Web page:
Using a guide pin, a premade metal pilot drill guide was positioned on the model over the guide pin, and light cured acrylic was formed over the metal drill guide and sculpted into the implant surgical guide to use during surgery. After curing and polishing, it was disinfected to use as a pilot guide.
At the surgical visit the premade drill guide was used for the initial pilot entrance, and a check x ray was taken and quick dipped in developing solution to check on the drill trajectory and proximity to structures to be avoided.
The next osteotomy drills were used in sequence without the benefit of the guide, and sometimes the mesial distal angulation of the implant would vary because of the difficult nature of holding the hand piece and the fore arm in the exact spatial position as was planned in the guide.
A final x-ray was taken of the final width drill. If necessary, a corrective osteotomy was performed, unfortunately in these cases, widening the osteotomy prevented higher insertion torques and necessitated a cover screw and a two-stage procedure uncovering. Another periapical x-ray of the inserted implant was taken before the flap was sutured and post op instructions given.
In the present time, digital cone beams, digital periapical x rays, printed surgical guides, and planning with software has replaced all of these manual steps, saving time, cost and providing increased accuracy and improved work flow.
Since I prefer to delegate the guide making to my lab, in about 5 minutes, I plan the initial implant placement in my Carestream software. Using my in-house cone beam scanner, I obtain the scan, and then trace the path of observation required. I then outline the course of the mandibular nerve for the lower arch. Using the built-in library, I select the appropriate brand, size and with of implant and orient it on the planned site, observing any anatomical areas to include or avoid. The plan is autosaved.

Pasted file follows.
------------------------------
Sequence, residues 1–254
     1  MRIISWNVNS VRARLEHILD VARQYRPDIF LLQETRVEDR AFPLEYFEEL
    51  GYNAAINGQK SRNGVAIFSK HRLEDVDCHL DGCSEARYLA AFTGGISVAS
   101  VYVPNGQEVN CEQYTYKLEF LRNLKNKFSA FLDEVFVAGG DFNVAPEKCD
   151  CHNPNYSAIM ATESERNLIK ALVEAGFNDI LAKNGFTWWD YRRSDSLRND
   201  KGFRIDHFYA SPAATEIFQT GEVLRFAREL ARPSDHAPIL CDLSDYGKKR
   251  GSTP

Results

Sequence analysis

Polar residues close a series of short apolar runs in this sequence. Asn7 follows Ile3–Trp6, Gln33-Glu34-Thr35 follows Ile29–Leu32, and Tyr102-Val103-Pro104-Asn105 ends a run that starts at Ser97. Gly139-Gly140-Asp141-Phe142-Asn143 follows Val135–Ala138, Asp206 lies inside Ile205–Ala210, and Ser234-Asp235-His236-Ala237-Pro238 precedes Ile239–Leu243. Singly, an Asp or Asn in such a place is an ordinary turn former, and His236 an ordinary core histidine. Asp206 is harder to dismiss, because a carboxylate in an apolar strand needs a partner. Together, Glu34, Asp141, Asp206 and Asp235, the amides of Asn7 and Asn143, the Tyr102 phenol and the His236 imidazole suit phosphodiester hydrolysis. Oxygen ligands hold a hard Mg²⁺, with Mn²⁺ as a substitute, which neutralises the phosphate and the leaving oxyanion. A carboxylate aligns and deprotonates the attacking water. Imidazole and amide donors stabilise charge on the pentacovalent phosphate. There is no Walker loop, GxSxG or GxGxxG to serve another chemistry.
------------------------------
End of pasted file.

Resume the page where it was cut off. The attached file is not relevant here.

I then send the digital plan and a screen shot with the correct implant parameters to the lab. When it is returned from the lab with a surgical plan, I enjoy using the printed full drill guide with all the drill lengths and widths pre- determined for a rapid flap less implant placement which can take as little as 5 or 10 minutes. Every so often, the guide may need some adjustment to fit precisely. Also, sometimes the guided surgical kit will not fit in the back of the mouth when a patient cannot open widely enough to accommodate the increased height of the osteotomy drill. I these cases, is use the non-guided shorter drill set to encode the proper location and orientation of the osteotomy using the guided drill set but with shorter non-guided drills. I then finish the osteotomy to the proper length and insert the implant. I find the skills I learned prior to digital implant planning can sometimes come in handy when a patient simply cannot open wide enough for both the guide and any length drill. In these cases, I fall back on the old school methods.
With digital technology and minimal or no flap surgeries, patients report little to no pain post operatively, and the process is a wonderful addition to the modern dentists’ armamentarium.